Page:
Stairway to Heaven

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Of San Francisco's many charms, it's those iconic hilly streets that make ours such a picturesque city. As any San Franciscan knows, some streets are so steep the pedestrian sidewalks along the roads are actually cement staircases. And one sunny afternoon, making my way up one of those sharply inclined sidewalks, I paused to wait for a pedestrian in front of me on the narrow stairs. But it looked like I would be waiting a while because the pedestrian blocking the sidewalk was a very, very old lady. She was carrying two large grocery bags, making painfully slow progress from step to step. I did what any polite person would - or should - do, and offered to help carry her bags.

She cocked her head and considered, looking me over carefully. But those groceries looked heavy and it was a long way to the top. She handed over the bags and we resumed climbing together.

Up the precipitous cement stairs we rose, up, up, up, while she chatted about her long life. A native San Franciscan, she had lived in the same apartment for 50 years. Buried a husband from cancer and lost her son in Vietnam, but just kept on going - up, up, up. Listening, some stories had me cracking up, others close to tears.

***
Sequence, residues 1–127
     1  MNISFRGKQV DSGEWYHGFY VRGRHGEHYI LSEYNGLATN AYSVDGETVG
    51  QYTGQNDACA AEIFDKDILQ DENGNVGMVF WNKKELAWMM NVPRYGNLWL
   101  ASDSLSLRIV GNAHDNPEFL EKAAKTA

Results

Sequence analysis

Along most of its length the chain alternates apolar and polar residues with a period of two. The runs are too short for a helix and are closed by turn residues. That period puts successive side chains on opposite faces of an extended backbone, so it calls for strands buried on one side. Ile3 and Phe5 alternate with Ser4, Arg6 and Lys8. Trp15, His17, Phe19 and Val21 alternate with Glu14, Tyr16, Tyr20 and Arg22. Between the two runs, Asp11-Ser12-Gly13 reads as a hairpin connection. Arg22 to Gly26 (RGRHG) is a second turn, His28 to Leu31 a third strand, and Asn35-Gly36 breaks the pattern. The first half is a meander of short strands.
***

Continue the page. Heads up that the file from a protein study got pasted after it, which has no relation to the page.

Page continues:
She told me how her steep street had changed, through earthquakes, hippies, 70s swingers and tech millionaires. From elegant days when no lady would be seen without a hat and gloves to today, when people are sometimes seen without anything.

And, ascending the staircase sidewalk, it occurred to me, this is the reason we are all here. To share this long hard climb, listen to each other's stories, help carry each other's heavy burdens, to laugh and to cry together, as we make our way, slowly but inexorably, to the top.


I was having such a good time, I didn't notice we'd reached the end of the stairs. "It goes quickly, doesn't it?" she said to me, eyes twinkling. "Enjoy yourself." She thanked me, took her groceries and vanished into her doorway.

She may have thanked me, but I really should have thanked her, because I learned something on that hilly street. It goes quickly. For all of us, our long hard climb will be over before we know it.

So, as my twinkly-eyed companion advised me, enjoy yourself. I never got her name, but I will never forget her, and the day we shared the steep climb to the top together.

With a Perspective, I'm Richard Swerdlow.

Richard Swerdlow works for the San Francisco Unified School District.